Common Campaign Interests Of Himes And Musto, Debicella And Pia, The Surly Factor

When it comes to the vote in Bridgeport, Congressman Jim Himes and State Senator Anthony Musto sail the same boat. Will it spring a turnout leak?

Connecticut’s 4th Congressional District has 17 communities. Himes won three cities two years ago, Stamford, Norwalk and Bridgeport led by a 50-year electoral storm. Republican Chris Shays took all the suburban towns. Himes managed to stay close in several GOP strongholds in an atmosphere of anger against Republicans. It appears the anger has shifted. Once again how close can Himes stay in the suburbs? Sometimes a win is a matter of staying close.

Musto has the same issue as Himes. Musto represents a senate district that includes all of Trumbull, half of Monroe and the higher-voting sections of Bridgeport that run from the Upper East Side, across the North End, the West Side and Black Rock. How close can Musto stay to his Republican challenger David Pia in Trumbull where Pia serves on the town council? Trumbull is Musto’s home town. Two years ago Rob Russo won Trumbull and Monroe handily but got croaked in Bridgeport as thousands of new voters came out, inspired by Barack, to vote the straight Democratic line.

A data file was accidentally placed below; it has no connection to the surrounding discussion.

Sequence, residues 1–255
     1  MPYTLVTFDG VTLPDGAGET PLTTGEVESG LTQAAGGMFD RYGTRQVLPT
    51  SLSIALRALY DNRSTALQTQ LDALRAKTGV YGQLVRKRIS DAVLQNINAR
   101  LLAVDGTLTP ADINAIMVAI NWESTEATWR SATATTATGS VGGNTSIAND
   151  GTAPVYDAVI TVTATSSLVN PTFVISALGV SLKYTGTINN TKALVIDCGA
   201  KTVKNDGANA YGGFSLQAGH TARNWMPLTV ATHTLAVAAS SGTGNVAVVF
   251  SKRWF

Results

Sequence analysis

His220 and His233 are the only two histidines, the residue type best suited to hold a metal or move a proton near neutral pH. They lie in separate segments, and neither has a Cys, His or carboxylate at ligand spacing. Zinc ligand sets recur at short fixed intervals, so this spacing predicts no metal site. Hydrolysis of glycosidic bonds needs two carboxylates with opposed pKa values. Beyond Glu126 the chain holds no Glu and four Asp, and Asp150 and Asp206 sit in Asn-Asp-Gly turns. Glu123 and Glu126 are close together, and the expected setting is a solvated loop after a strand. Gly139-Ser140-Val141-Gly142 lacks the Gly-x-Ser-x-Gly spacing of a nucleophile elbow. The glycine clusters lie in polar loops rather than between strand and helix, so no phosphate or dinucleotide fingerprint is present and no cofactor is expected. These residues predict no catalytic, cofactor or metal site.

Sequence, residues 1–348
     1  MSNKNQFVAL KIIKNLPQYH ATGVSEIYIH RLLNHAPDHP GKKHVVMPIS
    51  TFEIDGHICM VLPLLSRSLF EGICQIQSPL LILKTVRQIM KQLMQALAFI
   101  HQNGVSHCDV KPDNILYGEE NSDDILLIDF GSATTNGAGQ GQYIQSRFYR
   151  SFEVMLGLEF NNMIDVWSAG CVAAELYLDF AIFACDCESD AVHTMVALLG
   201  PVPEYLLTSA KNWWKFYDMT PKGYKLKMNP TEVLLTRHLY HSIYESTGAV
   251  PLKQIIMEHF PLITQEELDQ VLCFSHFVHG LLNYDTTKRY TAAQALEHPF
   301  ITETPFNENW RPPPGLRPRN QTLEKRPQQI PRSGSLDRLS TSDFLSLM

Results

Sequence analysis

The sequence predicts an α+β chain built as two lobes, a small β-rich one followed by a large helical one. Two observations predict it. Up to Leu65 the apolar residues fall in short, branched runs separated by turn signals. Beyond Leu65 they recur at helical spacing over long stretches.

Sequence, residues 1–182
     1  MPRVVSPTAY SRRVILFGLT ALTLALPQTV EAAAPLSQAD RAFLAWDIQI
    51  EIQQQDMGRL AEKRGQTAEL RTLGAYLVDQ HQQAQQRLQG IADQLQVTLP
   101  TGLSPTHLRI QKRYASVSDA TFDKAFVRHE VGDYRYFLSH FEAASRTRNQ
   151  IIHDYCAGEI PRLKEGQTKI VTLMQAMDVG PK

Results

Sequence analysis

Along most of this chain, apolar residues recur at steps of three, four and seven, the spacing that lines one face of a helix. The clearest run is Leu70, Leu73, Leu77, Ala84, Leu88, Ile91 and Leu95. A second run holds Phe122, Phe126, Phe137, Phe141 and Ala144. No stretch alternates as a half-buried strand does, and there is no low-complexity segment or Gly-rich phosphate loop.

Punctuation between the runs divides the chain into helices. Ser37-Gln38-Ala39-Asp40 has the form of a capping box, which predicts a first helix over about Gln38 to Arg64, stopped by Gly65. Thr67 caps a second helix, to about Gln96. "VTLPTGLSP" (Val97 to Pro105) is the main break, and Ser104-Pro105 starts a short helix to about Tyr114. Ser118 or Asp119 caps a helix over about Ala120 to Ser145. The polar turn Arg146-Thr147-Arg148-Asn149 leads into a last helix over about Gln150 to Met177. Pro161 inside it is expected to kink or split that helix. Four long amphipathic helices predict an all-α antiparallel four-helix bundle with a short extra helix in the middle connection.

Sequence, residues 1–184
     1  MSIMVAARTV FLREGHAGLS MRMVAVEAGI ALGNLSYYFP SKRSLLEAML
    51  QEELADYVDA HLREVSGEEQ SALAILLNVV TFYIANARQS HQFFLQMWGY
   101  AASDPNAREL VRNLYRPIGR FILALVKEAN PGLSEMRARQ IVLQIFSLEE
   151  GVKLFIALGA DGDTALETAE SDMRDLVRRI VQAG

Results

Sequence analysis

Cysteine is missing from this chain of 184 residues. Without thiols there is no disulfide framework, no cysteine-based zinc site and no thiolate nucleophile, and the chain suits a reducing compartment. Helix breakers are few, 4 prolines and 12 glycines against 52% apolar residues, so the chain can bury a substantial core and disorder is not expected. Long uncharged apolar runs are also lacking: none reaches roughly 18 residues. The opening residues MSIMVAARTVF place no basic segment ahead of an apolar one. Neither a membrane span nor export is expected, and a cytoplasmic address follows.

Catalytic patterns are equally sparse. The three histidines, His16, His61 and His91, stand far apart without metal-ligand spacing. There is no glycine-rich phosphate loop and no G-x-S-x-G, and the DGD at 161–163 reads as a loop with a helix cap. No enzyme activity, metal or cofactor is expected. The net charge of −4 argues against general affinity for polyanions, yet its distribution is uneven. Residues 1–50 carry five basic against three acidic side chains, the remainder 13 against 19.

Musto is a nice guy, but not an aggressive campaigner, and after two years he’s still learning the nuances of the multi-town district. He received a quick and painful lesson one year ago when he assumed Governor Jodi Rell’s proposal to shoehorn a juvenile detention center for girls on the Upper East Side would be good for his constituents. When he saw voters there freaking out he did an about-face.

So far Musto and Pia are running understated campaigns. No mudslinging, no contrast, no charges or countercharges (boring!) The Bridgeport piece of the senate district has thousands of choosy unaffiliated voters and some Reagan Democrats and it is there that Pia and Himes’ Republican opponent Dan Debicella can tap into the voter anger, whether Washington or Hartford. Voters in Black Rock, Central, Winthrop, Blackham and Hooker precincts have been described to me as “surly” by pols going door to door. Surly is not good for incumbents.

Polling in both the Himes-Debicella battle and Musto-Pia show tight races.